Compare this with another landscape in the collection, Lake Scene, this time by the wealthy amateur artist Hercules Brabazon. Kilburne’s delicate brushwork has been replaced with broad washes of colour, and Brabazon has applied the paint quickly without any regard for detail. The colours are bleeding into each other, and the shapes of trees and plants are sketchy and unfinished.
Smythe’s taste is therefore not easily defined. On the one hand, his interest in Victorian watercolours was not trendy at all during the early 1900s. On the other hand, he did follow popular trends such as collecting works like Brabazon’s which reflected the sketch aesthetic that many contemporary artists were experimenting with during the twentieth century.
Watercolour means Business
I was also keen to think about the different functions watercolour was used for, as well as the artists who made these works.
While Smythe’s collection does not boast a large number of women artists, some, like the book-illustrator Kate Greenaway, show that women watercolourists could also be professionals.
Children Playing is a romanticised view of rural life in an industrial age. By using simplified flat blocks of colour and clear outlines, Greenaway also thought about the work’s intended final form as a print. This style made the work of the printmaker later on much easier.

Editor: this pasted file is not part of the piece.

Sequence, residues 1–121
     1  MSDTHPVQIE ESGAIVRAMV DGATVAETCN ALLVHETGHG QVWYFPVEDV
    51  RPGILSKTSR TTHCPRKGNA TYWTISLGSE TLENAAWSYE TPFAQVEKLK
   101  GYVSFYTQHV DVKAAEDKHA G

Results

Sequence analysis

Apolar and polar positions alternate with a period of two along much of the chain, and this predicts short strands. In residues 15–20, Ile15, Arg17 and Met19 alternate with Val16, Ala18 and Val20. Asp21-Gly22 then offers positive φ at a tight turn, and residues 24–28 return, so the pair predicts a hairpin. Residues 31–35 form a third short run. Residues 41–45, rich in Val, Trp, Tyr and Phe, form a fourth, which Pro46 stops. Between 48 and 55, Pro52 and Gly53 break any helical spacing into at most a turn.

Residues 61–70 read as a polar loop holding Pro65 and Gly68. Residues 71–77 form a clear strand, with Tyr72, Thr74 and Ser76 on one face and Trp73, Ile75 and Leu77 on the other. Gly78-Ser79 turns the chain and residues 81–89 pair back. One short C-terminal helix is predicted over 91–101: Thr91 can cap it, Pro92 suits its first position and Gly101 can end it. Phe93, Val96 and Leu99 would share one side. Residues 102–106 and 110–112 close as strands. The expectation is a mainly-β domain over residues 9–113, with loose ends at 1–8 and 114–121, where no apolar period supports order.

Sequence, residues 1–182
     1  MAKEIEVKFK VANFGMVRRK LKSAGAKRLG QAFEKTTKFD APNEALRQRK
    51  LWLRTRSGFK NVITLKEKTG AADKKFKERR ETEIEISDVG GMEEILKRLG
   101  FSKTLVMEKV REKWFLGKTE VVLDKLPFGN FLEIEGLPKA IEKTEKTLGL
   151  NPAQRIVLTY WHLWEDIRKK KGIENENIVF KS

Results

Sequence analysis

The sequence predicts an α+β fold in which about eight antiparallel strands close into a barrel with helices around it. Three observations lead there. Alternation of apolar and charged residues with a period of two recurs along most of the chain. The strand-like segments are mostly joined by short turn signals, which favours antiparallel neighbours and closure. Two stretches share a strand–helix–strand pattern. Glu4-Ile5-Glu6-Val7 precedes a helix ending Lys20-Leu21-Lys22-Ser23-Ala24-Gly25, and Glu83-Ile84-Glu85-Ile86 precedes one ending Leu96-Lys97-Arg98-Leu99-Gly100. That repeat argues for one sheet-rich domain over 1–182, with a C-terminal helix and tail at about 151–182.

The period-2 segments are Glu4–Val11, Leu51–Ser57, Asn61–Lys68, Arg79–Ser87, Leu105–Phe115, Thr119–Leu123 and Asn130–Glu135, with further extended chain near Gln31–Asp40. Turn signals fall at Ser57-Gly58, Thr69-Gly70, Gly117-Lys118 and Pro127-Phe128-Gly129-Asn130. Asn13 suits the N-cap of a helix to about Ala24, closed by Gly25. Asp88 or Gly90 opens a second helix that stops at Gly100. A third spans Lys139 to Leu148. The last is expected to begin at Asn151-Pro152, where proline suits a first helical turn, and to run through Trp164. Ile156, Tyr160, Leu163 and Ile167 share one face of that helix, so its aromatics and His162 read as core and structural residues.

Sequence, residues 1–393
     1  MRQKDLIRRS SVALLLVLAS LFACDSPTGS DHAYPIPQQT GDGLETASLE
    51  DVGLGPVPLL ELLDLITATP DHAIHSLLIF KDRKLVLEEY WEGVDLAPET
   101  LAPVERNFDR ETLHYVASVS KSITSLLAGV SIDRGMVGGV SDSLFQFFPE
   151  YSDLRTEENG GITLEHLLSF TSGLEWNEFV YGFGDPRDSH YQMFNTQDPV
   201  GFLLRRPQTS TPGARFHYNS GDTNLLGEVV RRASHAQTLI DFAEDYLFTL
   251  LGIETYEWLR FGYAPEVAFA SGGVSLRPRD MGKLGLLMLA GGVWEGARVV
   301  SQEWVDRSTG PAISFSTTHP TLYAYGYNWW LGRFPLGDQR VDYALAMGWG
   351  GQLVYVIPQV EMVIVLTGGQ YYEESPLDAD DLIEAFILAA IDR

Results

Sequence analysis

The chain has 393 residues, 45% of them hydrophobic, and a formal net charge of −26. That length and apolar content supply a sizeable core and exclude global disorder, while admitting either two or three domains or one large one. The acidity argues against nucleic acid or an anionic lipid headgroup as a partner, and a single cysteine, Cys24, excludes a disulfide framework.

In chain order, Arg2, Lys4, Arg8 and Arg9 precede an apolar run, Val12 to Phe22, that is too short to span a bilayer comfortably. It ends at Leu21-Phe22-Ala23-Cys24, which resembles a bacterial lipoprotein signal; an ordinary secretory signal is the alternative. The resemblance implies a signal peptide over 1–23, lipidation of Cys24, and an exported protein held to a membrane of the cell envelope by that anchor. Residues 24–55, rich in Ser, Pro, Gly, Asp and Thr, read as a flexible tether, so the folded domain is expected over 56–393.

Walter Crane was another artist who often collaborated with other craftsmen as part of commercial business transactions. He used watercolour to create designs for stained glass, tiles, pottery, wallpapers and textiles.
Such designs became popular collector’s items, just as sketches did. This costume design uses bold, opaque colours on dark paper, devoid of any background.
I hope that this exhibition will bring the Smythe collection back into our minds and reveal that Smythe’s tastes weren’t as old-fashioned as originally thought and that it will expose some new insights into the wide world of watercolour.
Making an Exhibition
Working on this show gave me an amazing opportunity to curate an exhibition. While I discovered that deciding on the content is easy enough (especially if you have a PhD thesis to work with!), it’s what came afterwards which challenged me most and made me think about exhibitions in new ways.
We decided early on that the wall should be painted – these watercolours were coming out of storage with a bang! But unlike the traditional dark red or green which one might expect with works of this age, we wanted something more contemporary and eye-catching. Resene’s ‘Sakura’ complemented the various pink tones in some of the works perfectly, and of course, it also matches my personal wardrobe.
It was fascinating having to pick frames and mounting mats, deciding the way the works should be hung on the wall, where to place the labels, and choosing a title. Besides making sure the text of the labels wasn’t too long (again, especially if you have a PhD thesis to work with!), the title was probably the most difficult.
In the end, A Fluid Art aims to convey not just the physical nature of this water-based medium, but also the aesthetic, thematic and contextual versatility of historical watercolours.
A Fluid Art: Watercolours 1778-1900 is on from March 18 to 29 June 2022
So happy for you, Annika! I am enjoying this exhibition very much and encouraging everyone to see it.
Thoroughly enjoyed this and I can’t wait to get along to the exhibition.